How to Save Tomato Seeds Without Giving up the Tomatoes

Reader Contribution by Pam Dawling
article image

Roma tomatoes with stakes flagged by the best plants.  

I alternate processing tomato seeds and watermelon seeds, getting one batch of each done each week, from late July to the end of September. I keep my drying area in constant use: the day I pack away a batch of dried Roma paste tomato seeds is the day I wash and set to dry a batch of Crimson Sweet watermelon seeds. These are both the Virginia Select strains which I sell to Southern Exposure Seed Exchange. Each year since 2001, I’ve been selecting tomatoes for high yield, earliness, and resistance or tolerance to Septoria leaf spot disease. I use pink flagging tape on the T-posts to mark plants with large early yields and OK foliage, and yellow tape to mark plants that have healthier foliage and at least an OK early yield. By saving tomato seed for next year, you can keep heirloom and heritage tomato varieties alive, and over time, you can improve the variety to suit your region.

I wrote about saving tomato seeds and eating the tomatoes too on my blog at www.sustainablemarketfarming.com. This year I decided to harvest tomato seeds on Thursdays and leave them to fully ripen until Tuesday (5 days), when I processed them for seed. I washed them and cut each tomato in half, dropping any rotten ones in a compost bucket, and putting the good halves in a clean bucket. I like a small serrated knife for this task.

Roma tomato shells seeds removed  

How to Remove Seeds from Tomatoes

Next I scoop out the seeds into a smaller bucket using a soup spoon. I put the scooped out halves into another clean bucket ready for chopping and making into sauce or salsa. I put a loose lid on the seeds bucket and set it in a cool dark corner of the shed for 3 days (until Friday). This is long enough to ferment tomato seeds, which kills the spores of some of the tomato diseases, and also loosens the gel around the seeds and any bits of fruit. I stir at least once a day to break up any surface mold and release the carbon dioxide.

Roma tomato seeds 2 day.

Washing and Drying Tomato Seeds

After three days (Tuesday to Friday this year) I wash and dry the seeds. They look unattractive at first, because of a thin layer of mold on the surface. Washing the seeds and pouring off the junk is almost magical. If you dry tomato seeds without fermenting, they all stick together, so I definitely recommend fermenting.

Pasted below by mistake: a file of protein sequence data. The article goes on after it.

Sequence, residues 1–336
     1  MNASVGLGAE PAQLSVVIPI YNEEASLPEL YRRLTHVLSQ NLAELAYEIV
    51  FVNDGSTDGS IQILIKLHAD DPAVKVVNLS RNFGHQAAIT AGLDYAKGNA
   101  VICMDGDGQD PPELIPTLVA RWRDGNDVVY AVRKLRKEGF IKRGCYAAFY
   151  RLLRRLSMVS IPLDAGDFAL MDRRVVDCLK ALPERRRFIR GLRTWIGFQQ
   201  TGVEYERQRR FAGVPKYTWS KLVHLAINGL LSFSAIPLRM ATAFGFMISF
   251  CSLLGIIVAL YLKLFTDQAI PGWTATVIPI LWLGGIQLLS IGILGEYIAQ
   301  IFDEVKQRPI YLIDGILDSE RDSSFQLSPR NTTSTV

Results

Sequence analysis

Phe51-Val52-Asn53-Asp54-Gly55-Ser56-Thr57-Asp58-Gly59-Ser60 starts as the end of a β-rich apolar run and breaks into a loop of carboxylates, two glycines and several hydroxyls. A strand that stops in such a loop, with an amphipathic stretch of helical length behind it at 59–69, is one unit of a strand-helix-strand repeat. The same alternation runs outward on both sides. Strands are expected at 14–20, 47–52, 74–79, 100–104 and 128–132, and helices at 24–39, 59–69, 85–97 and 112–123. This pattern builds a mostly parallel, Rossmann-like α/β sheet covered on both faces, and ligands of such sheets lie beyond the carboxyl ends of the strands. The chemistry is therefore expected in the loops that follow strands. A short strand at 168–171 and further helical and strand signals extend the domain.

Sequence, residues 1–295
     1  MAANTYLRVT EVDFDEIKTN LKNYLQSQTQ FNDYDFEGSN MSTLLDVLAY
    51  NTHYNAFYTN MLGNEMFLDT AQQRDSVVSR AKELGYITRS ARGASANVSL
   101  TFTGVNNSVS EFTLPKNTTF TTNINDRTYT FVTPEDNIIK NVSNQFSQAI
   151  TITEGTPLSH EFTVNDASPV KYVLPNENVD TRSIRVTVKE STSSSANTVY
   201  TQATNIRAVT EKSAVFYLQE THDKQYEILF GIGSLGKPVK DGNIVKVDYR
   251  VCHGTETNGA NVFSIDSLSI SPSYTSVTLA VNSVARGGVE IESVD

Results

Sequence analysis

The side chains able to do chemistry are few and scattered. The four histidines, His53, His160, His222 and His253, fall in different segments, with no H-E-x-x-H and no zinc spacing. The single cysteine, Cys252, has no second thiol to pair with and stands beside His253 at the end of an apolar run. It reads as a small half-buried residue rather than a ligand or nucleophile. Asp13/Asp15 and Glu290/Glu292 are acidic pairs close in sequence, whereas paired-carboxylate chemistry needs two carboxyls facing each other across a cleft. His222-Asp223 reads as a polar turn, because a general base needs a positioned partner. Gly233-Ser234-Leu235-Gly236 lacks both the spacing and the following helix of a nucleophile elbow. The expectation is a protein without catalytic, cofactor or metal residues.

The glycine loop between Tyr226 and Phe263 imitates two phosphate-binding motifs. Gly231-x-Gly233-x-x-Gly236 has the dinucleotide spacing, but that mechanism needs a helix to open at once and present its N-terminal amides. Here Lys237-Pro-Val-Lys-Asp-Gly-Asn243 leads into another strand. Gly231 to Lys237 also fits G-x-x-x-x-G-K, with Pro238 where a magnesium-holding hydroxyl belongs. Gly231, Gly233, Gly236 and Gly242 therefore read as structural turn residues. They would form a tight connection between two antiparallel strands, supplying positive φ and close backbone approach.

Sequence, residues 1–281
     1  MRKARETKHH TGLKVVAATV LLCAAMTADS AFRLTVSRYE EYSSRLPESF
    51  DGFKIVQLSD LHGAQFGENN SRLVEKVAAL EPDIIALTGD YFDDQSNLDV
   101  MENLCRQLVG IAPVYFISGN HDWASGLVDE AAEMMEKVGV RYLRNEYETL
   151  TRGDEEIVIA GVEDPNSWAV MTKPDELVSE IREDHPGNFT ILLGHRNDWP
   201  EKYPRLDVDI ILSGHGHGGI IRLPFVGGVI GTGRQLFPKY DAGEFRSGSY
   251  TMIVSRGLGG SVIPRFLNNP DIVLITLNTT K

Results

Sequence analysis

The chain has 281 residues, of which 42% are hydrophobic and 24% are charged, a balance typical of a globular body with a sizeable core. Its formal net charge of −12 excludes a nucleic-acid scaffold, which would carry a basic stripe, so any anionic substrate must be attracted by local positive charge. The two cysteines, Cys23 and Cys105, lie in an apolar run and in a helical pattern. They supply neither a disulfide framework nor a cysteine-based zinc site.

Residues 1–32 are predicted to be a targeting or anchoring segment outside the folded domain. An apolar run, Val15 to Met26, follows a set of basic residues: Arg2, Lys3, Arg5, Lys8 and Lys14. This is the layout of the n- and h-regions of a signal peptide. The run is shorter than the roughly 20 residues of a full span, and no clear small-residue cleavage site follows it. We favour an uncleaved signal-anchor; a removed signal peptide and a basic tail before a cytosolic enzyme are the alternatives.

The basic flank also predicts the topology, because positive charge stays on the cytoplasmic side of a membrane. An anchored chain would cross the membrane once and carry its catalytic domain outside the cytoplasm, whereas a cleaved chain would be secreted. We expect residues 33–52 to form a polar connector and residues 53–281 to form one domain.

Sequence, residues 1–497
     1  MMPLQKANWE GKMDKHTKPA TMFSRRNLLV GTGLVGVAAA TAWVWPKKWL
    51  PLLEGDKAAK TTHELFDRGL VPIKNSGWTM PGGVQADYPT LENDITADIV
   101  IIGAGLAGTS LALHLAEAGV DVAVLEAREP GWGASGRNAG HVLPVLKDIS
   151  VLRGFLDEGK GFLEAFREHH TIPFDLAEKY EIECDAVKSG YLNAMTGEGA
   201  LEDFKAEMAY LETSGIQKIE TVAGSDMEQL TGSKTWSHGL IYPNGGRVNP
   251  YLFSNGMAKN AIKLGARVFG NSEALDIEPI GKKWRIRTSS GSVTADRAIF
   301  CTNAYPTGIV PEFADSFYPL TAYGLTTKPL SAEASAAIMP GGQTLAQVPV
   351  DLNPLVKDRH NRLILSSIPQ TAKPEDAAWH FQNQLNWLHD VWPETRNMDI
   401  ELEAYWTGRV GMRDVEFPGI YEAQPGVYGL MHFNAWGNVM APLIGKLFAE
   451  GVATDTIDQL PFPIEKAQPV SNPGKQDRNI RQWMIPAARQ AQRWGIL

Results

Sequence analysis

I do a series of about four washes, floating off more of the tomato flesh each time, along with poor quality seeds. I add water from a hose until the bucket is about two-thirds full and I stir the mixture. Then I let the liquid settle, with the good seed sinking to the bottom of the bucket. Next I pour the liquid along with bits of fermented tomato into another bucket, then dump that. This is a precaution to ensure I don’t slip and throw away good seed. I repeat the wash and pour a few more times. After just the second pour the treasured seeds are plain to see.

Seeds that float are poor quality – let them go! They are either very thin or they have a black spot in the center. So it’s counter-productive to try to catch every single seed.

After four or five washes, when the water I pour off is clear, I add more water, stir and pour the contents of the bucket through a sieve into a bucket.

Wet Roma tomato seeds and fan.

Next I take the sieve indoors and empty it on sturdy paper towels on a tray in front of a small fan. I come back after a few hours to crumble up the clumps of seeds and even out the drying. I turn the seeds over a few times a day for a couple of days. Once they are dry I put them in a labelled paper bag, and prepare the space for the next batch of wet seeds. Watermelon in my case.

Seed saving is very rewarding, and with tomatoes you can not only save seeds for planting, but at the same time, prepare the tomatoes for canning or juicing.

Pam Dawling works in the vegetable gardens at Twin Oaks Community in central Virginia. She often presents workshops at MEN Fairs. Pam also writes for Growing for Market magazine. Her book, Sustainable Market Farming: Intensive Vegetable Production on a Few Acres, is available atwww.sustainablemarketfarming.com, Pam’s blog is on her website and also onfacebook.com/SustainableMarketFarming.


All MOTHER EARTH NEWS community bloggers have agreed to follow our Blogging Guidelines, and they are responsible for the accuracy of their posts. To learn more about the author of this post, click on their byline link at the top of the page.